Ve’ahavta’s humanitarian light shines through new logo (Design Edge Magazine)
By Jef Catapang, March 24, 2015, Design Edge Canada
After 18 years with the same logo, the time was right for humanitarian organization Ve’ahavta to try on something new. It would have to be something that could express Ve’ahavta’s Jewish identity and unique founding ideals, while also keeping away from cliched faith-based imagery.
The final solution is a symbol comprised of overlapping circles. The yellow and black touches recall the original identity, while the blue is meant to evoke the Jewish community. The design comes courtesy of Toronto’s Sherri Gallowitz from G Strategic, who specializes in design for the non-profit, education, arts and culture sectors.
Founded in 1994, Ve’ahavta was a Jewish humanitarian response to the worldwide apathy surrounding the genocide in Rwanda, “which echoed world response to the holocaust perpetuated against Europe’s Jews in WW2,” reads the redesign case study.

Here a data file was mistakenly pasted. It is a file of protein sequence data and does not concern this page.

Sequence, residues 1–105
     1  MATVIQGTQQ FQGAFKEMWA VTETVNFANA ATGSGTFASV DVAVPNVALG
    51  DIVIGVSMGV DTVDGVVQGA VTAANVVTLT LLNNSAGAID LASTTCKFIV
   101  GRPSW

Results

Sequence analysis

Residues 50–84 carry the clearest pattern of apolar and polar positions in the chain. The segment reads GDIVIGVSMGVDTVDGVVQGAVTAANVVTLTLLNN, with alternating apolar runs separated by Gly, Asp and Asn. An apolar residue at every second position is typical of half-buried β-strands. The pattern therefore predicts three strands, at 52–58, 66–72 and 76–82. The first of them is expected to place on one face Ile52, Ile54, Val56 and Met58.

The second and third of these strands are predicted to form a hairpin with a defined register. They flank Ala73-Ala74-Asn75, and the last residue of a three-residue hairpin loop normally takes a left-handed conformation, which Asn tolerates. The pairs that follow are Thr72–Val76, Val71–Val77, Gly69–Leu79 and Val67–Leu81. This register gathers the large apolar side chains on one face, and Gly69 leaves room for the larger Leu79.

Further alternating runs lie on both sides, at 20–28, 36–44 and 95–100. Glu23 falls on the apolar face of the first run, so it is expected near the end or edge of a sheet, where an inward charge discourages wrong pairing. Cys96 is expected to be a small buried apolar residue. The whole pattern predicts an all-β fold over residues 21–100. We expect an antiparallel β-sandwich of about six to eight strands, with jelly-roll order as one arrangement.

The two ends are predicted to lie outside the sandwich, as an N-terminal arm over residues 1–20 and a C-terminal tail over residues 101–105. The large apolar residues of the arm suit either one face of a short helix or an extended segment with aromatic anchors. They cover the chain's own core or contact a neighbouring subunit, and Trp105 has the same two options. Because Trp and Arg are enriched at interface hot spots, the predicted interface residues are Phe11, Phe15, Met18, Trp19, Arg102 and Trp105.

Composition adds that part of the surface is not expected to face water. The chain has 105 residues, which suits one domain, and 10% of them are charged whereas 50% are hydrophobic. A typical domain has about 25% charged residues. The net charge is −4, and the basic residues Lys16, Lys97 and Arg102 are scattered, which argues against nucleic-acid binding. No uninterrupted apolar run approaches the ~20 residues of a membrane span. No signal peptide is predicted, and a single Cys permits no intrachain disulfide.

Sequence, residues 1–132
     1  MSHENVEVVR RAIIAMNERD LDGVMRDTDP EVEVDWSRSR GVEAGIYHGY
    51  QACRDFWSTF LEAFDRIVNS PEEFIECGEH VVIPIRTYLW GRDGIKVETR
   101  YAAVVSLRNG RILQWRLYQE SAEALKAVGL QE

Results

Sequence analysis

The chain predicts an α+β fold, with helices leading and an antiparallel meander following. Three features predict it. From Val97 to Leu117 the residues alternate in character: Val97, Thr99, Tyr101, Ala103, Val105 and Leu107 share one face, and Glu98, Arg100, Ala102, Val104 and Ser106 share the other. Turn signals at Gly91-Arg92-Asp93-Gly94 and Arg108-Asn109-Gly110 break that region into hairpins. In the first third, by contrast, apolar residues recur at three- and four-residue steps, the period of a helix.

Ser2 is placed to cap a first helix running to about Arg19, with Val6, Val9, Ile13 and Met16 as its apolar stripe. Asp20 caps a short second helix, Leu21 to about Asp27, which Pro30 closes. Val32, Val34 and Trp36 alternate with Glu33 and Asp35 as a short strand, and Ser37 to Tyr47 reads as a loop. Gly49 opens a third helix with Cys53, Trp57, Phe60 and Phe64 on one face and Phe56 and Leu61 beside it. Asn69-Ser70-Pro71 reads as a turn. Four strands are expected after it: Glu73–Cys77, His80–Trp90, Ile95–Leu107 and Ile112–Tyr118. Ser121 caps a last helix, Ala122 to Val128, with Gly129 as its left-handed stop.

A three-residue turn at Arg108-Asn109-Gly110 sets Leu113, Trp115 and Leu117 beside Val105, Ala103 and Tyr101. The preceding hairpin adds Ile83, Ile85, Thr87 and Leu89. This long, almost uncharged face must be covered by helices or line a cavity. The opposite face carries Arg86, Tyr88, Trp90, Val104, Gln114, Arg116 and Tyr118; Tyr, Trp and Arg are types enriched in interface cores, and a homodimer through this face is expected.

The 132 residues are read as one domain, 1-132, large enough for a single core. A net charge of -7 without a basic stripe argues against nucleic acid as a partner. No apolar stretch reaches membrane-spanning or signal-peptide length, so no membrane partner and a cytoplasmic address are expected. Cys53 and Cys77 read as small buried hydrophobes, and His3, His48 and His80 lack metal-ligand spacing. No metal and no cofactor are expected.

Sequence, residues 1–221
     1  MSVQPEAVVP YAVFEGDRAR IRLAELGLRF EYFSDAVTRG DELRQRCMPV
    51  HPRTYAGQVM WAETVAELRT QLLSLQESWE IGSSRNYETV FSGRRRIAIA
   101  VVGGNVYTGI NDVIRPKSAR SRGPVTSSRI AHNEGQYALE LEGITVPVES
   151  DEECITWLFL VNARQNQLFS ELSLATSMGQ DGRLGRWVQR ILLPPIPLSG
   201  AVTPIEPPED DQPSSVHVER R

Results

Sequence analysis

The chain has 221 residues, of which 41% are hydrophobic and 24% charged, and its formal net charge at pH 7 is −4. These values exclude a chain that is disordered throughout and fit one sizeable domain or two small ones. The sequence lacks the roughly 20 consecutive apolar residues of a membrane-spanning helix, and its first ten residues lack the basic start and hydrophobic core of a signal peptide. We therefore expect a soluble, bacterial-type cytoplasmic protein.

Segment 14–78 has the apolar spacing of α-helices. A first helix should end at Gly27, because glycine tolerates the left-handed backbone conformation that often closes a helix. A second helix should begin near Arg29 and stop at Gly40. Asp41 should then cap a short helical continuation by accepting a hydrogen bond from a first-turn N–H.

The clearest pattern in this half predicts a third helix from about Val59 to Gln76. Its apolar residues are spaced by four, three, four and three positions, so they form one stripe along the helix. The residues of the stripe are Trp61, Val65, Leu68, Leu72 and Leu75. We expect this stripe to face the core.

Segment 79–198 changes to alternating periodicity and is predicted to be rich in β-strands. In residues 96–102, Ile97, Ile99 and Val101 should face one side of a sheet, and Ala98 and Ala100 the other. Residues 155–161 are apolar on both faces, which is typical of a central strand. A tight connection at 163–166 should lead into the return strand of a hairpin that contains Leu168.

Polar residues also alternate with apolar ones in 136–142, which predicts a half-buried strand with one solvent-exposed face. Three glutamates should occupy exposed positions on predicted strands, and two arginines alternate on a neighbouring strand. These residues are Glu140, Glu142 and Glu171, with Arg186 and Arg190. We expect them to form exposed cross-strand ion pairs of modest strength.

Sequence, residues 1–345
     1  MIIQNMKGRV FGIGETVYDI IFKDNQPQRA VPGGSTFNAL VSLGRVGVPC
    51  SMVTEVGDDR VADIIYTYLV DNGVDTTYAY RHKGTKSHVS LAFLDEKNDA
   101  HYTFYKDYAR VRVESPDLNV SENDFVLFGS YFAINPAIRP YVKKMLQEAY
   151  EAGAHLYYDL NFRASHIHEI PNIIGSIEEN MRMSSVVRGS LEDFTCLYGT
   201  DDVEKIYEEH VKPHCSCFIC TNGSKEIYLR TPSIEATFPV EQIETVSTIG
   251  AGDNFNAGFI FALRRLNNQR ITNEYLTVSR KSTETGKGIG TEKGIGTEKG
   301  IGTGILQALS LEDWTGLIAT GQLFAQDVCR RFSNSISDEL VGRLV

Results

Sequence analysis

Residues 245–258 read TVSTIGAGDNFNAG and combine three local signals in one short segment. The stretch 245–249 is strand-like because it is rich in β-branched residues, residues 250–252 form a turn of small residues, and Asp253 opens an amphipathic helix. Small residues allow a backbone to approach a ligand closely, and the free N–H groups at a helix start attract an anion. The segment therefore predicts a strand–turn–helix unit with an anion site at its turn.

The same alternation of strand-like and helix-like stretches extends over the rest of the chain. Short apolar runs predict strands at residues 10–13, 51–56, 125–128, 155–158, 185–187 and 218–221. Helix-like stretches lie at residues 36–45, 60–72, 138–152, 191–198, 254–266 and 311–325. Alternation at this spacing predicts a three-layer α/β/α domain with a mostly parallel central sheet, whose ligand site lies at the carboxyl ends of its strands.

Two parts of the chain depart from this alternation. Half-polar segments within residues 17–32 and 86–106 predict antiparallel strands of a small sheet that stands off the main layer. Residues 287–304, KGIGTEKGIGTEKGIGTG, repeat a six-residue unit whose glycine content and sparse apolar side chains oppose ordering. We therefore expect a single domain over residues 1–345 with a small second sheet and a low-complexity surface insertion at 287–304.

One of Ve’ahavta’s challenges has been maintaining its Jewish identity and also communicating that it works to alleviate poverty for all, not just the Jewish community. Its name is from the Hebrew “ve’ahavta lere’acha kamocha,” or “and you should love your friend as you love yourself.”
This is embodied in the updated symbol by green overlap areas, which represent the “common ground” of diversity. The centre of the symbol forms a stylized Star of David, showing that “the light of the Jewish soul” of Ve’ahavta shines through its work.
The old tagline, “The Canadian Jewish Humanitarian & Relief Committee,” confused many about the organization’s goals. The rebrand carries a new tagline, “A Jewish Humanitarian Response to Poverty.”
The redesign process included stakeholder consultation with senior staff, supporters, partners and volunteers. A new website also launched recently, designed by Lewis Robinovitch with the same palette of blue, yellow and green.